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  2. I still have all three on DVDs after getting the series out of the library. One thing I noticed is in series like Robin Hood, or even Merlin, everyone played the drama seriously and the comedy as written. It made those ‘tea-time’ shows not only fun to watch but set apart from their American counterparts. (Although Atlantis made me scratch my head.)

    Seriously, my first introduction to Richard went something like:

    Good Friend: Hey, I just saw this BBC production of Robin Hood. Kind of corny but Richard Armitage is hot.

    Me: Who?

    The rest is history.

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    • Yes, I found that too, as he would talk about the acting or the appropriateness of the music etc. But I actually really enjoyed hearing the camaraderie amongst the cast too. When RA was trying to be serious, sometimes someone would make a comment, like Gordon Kennedy saying something about RA needing to prep by listening to loud hair bands, or talk about Lucy Griffiths saying something like “Get that thing out of me!” during her final scene. And then everyone, RA included, would laugh or giggle, not being able to help themselves. I find those unguarded moments really endearing.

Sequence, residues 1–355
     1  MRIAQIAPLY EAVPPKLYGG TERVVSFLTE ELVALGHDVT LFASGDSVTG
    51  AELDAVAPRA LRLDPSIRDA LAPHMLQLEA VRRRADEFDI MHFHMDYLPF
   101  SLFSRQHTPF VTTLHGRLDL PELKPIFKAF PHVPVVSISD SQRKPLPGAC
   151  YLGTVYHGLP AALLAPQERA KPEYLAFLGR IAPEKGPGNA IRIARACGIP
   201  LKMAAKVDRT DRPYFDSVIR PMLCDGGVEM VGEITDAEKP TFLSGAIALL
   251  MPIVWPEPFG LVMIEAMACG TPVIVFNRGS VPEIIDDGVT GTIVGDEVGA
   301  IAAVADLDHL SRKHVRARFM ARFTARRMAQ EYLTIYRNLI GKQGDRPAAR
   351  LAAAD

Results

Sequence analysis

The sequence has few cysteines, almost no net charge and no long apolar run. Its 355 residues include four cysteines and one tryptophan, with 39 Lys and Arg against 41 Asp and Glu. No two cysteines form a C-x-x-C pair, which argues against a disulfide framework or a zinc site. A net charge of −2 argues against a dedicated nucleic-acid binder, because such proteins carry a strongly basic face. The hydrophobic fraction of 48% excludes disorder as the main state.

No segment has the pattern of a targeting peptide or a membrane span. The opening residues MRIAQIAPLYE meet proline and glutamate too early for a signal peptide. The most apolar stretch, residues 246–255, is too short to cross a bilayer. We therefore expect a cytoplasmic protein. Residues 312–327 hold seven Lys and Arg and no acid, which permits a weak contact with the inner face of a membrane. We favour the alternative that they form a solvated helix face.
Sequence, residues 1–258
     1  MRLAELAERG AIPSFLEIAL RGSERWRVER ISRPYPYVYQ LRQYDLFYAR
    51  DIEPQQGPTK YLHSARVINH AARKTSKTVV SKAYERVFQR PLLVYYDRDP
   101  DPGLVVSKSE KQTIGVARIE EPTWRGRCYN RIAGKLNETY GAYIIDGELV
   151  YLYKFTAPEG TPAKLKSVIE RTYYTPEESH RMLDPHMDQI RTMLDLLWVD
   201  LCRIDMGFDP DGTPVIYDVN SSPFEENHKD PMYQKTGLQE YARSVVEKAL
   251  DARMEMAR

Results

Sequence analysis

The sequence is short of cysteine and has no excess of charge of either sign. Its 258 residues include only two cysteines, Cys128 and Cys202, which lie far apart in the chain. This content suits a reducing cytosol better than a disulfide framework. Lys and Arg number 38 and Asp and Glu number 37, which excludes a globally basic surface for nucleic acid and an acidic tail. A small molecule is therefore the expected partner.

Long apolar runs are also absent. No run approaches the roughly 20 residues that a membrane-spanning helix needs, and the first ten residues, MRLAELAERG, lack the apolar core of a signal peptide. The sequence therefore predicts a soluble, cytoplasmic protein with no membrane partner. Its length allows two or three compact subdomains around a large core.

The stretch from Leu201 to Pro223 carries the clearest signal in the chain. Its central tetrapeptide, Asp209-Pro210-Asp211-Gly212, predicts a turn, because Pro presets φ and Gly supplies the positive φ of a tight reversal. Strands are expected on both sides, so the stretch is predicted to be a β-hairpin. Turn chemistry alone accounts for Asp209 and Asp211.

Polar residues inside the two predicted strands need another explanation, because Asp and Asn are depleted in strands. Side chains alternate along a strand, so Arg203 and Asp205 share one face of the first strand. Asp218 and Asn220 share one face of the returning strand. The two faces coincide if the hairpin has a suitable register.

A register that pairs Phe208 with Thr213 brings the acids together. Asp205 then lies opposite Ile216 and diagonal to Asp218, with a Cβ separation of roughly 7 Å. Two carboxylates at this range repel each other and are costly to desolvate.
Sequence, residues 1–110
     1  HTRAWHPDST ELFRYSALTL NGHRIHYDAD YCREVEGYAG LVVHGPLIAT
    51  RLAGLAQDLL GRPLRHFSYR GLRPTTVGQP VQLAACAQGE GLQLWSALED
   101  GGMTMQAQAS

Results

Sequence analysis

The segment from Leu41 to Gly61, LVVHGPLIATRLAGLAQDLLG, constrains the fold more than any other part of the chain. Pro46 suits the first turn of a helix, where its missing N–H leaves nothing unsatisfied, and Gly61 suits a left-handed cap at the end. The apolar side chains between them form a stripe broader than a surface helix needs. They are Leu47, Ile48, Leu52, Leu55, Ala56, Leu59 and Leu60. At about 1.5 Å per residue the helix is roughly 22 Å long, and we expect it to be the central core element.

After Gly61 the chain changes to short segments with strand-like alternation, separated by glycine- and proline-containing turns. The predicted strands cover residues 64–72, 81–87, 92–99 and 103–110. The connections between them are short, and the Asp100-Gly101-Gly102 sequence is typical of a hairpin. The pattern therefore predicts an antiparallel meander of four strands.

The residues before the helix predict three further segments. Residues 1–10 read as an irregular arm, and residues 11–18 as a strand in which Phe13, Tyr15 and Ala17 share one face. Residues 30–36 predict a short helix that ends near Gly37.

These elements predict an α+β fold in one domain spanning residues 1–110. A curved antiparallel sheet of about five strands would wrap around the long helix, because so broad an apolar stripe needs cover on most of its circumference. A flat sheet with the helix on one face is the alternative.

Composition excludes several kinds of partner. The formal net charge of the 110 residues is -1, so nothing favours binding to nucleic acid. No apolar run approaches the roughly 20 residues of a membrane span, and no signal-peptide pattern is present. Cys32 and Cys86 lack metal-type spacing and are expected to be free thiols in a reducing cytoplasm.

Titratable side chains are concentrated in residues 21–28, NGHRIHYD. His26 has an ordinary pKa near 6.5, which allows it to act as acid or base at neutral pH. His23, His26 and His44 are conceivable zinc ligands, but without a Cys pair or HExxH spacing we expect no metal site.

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      • My recollection: I honestly felt like Armitage was way more professional than the rest of them except for Lucie Griffiths, and I didn’t get the feeling that they had a very solid sense of camaraderie — it seemed apparent to me at the time that the people in Robin’s band had a lot of injokes and those who were not in that group were not included as fully in the talking or the laughter. I also remember at least one occasion where Armitage kind of had to prod them to actually comment as they’d just been making in jokes and then fell silent. But it’s been years since I’ve watched them — maybe I should listen in again, and maybe my perception would be different.